and then i see a darkness
the brooklyn lyceum is a wonderful space. i'd only been there once before, to see an independent film. at that time, i didn't immediately take note of the lovely mix of gutted-out former opulence and decayed edges. but when i arrived there for the calla record release party, there was plenty of time to wander around observing and capturing those little details i'm so fond of. some of the results are on ocular spectra.
this was a bit of an odd event, since the venue doesn't do music shows all the time and calla were the only band playing. the main space is cavernous and dark, in many ways a perfect environment for calla. they must have known this, because they played with very low lights for most of the show. an antique rug and the line of speakers was all that differentiated the stage area from the audience.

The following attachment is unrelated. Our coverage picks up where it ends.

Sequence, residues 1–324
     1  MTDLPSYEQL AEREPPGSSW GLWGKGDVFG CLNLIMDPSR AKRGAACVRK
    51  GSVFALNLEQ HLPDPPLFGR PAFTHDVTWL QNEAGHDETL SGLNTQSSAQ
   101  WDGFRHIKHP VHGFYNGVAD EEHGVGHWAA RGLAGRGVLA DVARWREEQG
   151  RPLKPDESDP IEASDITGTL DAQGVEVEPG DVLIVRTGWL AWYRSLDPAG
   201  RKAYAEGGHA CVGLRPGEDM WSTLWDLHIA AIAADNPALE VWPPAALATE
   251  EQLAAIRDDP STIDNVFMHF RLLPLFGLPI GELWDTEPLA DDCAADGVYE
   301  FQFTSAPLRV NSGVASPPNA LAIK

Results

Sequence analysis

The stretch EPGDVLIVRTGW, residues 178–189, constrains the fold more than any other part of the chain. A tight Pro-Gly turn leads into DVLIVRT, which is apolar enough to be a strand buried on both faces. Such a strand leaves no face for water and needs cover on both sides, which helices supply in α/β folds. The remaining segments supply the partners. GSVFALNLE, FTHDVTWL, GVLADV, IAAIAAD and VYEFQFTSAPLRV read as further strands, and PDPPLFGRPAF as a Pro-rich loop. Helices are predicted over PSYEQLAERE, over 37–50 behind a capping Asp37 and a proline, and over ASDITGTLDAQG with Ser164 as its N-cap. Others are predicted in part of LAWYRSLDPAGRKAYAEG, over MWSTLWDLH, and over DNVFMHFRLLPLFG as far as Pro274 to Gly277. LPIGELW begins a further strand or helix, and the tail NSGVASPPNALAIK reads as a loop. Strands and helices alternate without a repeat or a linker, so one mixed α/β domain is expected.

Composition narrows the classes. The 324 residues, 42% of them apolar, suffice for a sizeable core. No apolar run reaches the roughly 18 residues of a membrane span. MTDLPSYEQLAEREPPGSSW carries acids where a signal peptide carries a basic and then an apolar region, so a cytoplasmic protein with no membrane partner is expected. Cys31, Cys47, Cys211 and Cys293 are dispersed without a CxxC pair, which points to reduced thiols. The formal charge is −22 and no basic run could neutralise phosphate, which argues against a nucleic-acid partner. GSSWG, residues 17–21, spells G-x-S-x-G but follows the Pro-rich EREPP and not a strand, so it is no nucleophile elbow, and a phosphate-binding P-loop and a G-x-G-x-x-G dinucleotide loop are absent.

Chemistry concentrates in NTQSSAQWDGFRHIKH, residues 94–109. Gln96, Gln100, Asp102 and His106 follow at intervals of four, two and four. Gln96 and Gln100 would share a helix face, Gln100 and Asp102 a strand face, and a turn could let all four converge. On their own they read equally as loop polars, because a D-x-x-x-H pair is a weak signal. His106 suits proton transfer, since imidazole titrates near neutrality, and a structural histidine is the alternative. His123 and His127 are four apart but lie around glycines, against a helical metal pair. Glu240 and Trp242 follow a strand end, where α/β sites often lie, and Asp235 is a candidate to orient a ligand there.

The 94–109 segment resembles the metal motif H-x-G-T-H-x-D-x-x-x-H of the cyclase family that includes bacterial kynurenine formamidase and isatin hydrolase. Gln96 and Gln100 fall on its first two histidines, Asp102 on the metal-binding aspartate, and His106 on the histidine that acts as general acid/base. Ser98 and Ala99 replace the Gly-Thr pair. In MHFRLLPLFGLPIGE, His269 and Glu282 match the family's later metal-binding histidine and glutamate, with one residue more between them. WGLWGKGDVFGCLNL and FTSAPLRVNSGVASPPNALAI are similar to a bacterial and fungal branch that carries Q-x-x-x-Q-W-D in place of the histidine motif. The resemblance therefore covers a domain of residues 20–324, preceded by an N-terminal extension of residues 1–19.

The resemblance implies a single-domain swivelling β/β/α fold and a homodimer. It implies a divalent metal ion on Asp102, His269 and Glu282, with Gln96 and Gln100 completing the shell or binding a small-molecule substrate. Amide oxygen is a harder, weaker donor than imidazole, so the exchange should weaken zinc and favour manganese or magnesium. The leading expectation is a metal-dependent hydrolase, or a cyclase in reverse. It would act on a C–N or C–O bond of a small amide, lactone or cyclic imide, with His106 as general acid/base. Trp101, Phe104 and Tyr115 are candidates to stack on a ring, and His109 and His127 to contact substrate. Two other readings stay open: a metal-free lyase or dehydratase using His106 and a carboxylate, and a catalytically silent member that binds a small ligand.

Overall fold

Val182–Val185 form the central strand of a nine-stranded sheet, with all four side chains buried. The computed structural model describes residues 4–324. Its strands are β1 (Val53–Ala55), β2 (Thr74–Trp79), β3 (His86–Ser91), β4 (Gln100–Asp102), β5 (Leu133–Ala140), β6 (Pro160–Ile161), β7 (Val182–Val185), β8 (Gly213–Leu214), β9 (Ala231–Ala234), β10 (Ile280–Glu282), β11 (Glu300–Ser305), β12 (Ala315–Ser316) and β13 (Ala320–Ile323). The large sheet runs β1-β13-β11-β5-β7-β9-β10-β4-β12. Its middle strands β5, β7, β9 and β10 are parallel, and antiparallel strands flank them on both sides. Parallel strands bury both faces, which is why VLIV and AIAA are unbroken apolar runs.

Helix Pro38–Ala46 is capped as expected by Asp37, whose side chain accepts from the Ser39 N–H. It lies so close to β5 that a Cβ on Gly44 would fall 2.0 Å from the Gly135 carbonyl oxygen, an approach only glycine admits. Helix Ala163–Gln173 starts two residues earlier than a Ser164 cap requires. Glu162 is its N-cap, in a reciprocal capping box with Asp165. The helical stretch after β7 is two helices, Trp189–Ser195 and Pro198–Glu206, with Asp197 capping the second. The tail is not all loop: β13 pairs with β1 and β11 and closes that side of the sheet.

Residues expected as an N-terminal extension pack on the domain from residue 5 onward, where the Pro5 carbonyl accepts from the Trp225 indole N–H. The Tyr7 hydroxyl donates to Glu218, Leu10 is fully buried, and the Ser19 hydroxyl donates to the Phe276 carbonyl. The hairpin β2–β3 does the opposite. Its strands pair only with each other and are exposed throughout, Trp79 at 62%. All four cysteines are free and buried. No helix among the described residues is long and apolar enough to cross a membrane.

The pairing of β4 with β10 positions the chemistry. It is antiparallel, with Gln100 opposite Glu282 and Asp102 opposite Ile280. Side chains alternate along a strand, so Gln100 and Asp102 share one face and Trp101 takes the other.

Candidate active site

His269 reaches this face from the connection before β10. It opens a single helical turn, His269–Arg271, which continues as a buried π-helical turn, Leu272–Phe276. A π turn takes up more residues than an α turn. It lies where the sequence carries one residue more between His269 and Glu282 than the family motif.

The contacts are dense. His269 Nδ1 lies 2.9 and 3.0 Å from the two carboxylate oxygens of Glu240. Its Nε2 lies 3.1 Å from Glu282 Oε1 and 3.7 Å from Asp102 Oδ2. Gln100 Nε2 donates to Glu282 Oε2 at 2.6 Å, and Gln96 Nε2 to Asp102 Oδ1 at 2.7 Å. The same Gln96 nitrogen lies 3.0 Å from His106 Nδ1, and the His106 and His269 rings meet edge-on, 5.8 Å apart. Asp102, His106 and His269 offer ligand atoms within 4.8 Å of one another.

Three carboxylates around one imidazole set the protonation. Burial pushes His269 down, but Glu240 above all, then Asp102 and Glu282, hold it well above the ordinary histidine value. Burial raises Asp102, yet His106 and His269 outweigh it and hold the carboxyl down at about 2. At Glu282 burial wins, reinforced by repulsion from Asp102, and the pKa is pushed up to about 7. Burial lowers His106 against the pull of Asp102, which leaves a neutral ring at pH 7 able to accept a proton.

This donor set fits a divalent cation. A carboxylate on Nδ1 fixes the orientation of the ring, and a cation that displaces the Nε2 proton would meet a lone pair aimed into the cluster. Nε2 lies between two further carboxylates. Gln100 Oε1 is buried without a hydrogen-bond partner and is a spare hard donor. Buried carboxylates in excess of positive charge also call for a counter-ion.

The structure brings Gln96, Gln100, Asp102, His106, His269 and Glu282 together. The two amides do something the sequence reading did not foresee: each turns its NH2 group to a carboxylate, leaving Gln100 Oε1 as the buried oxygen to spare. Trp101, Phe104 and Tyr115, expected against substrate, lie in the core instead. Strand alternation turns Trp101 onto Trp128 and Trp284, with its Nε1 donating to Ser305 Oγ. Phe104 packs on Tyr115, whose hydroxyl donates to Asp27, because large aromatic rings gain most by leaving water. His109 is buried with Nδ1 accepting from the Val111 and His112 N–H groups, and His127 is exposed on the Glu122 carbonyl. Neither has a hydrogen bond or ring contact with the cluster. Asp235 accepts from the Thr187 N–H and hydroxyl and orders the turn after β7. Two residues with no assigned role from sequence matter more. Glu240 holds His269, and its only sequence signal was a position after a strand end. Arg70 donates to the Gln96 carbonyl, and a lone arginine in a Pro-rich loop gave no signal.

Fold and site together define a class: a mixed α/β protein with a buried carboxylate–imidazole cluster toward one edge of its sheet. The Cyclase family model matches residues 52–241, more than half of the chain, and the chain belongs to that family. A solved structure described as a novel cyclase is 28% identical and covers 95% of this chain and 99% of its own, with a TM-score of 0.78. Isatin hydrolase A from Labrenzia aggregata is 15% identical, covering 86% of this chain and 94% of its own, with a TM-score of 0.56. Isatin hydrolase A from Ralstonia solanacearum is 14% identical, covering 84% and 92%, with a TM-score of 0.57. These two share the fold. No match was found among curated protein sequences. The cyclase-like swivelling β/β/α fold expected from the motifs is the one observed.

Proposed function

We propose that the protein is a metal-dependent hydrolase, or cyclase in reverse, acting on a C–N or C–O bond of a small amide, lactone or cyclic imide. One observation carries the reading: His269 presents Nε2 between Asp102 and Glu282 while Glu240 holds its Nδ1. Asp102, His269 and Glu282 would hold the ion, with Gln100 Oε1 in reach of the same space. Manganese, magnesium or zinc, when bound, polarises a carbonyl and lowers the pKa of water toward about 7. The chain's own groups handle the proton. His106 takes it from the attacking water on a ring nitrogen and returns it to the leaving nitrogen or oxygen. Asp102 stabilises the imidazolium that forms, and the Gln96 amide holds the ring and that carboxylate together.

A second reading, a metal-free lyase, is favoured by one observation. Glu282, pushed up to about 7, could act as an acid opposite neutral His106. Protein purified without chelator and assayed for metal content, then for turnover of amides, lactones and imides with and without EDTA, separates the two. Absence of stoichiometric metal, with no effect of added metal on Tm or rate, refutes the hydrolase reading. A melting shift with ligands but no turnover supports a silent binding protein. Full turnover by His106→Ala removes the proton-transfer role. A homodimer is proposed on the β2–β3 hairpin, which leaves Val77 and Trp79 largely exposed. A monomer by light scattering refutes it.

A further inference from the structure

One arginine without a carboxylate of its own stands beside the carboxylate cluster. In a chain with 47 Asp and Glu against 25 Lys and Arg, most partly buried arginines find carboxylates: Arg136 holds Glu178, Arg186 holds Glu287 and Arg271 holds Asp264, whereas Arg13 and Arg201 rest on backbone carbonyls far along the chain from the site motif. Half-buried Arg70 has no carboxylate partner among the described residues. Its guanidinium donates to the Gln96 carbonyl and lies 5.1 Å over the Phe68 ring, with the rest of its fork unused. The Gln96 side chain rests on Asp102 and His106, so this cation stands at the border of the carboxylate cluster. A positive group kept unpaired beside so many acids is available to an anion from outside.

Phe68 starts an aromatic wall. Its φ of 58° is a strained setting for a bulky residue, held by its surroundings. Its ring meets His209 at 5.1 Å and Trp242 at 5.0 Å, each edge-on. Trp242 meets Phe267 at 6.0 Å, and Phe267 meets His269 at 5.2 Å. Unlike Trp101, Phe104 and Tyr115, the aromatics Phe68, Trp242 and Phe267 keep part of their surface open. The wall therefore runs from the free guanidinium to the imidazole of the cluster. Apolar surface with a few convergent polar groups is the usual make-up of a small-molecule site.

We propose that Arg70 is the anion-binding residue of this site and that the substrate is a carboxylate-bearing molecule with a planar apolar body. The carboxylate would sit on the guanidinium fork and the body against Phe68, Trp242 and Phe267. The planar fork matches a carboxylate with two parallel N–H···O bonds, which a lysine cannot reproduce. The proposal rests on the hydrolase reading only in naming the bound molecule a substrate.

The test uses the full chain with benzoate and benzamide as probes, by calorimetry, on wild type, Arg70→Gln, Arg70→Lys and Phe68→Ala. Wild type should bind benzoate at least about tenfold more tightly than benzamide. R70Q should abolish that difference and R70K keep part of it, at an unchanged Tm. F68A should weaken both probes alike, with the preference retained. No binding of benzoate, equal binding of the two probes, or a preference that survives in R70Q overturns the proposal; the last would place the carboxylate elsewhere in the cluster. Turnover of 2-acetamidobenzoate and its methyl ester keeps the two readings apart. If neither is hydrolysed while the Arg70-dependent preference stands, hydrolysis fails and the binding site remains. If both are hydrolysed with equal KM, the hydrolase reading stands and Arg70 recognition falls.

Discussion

the first obvious change since the last time i saw them was that they were back to being a trio. this made me happy right away. three instruments plus vocals and minimal samples is a good palette for them, espeically live. their former second guitarist switched to bass, which allowed the singer's guitar to be heard at optimum levels instead of fighting with another similar sound. as a result it had the best tone i've heard him get so far.
the new songs are definitely the most straightforward rock-oriented they've done (other than their cover of can's "mother sky"), but still remain unmistakeably calla in their construction and whispery vocals. a few songs (such as "it dawned on me") jumped out over others, but overall they maintained a heavy but midtempo dark rock atmosphere. at times a 60's pop sensibility peeked through the stormclouds in little vocal melody or harmony lines. they stuck exclusively to songs from their new album until the end, when they played the epic creepy funk-rock of "televised" and slow-burn mini-classic "fear of fireflies". the top picture was taken during the former, in a rare period of illumination made all the more blinding from our eyes being used to the mood lighting of the rest of the set. the band came back for a two-song encore before disappearing back into the darkness.
the title of this post comes from a song by will oldham.